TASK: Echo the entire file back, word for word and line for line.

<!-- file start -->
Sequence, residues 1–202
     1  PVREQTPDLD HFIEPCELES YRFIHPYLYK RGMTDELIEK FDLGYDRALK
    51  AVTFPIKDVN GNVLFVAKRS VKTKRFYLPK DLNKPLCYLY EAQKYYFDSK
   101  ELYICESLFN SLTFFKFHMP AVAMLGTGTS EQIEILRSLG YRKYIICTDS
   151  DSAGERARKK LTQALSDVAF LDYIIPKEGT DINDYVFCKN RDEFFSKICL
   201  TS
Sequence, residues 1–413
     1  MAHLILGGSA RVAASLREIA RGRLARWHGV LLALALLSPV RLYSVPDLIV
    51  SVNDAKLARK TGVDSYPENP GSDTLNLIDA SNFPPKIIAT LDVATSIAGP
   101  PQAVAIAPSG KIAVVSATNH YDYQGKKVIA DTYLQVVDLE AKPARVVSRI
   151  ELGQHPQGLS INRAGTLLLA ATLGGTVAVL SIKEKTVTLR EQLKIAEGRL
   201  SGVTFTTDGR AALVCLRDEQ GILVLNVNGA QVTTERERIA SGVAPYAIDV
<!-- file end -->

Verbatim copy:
Sequence, residues 1–202
     1  PVREQTPDLD HFIEPCELES YRFIHPYLYK RGMTDELIEK FDLGYDRALK
    51  AVTFPIKDVN GNVLFVAKRS VKTKRFYLPK DLNKPLCYLY EAQKYYFDSK
   101  ELYICESLFN SLTFFKFHMP AVAMLGTGTS EQIEILRSLG YRKYIICTDS
   151  DSAGERARKK LTQALSDVAF LDYIIPKEGT DINDYVFCKN RDEFFSKICL
   201  TS
Sequence, residues 1–413
     1  MAHLILGGSA RVAASLREIA RGRLARWHGV LLALALLSPV RLYSVPDLIV
    51  SVNDAKLARK TGVDSYPENP GSDTLNLIDA SNFPPKIIAT LDVATSIAGP
   101  PQAVAIAPSG KIAVVSATNH YDYQGKKVIA DTYLQVVDLE AKPARVVSRI
   151  ELGQHPQGLS INRAGTLLLA ATLGGTVAVL SIKEKTVTLR EQLKIAEGRL
   201  SGVTFTTDGR AALVCLRDEQ GILVLNVNGA QVTTERERIA SGVAPYAIDV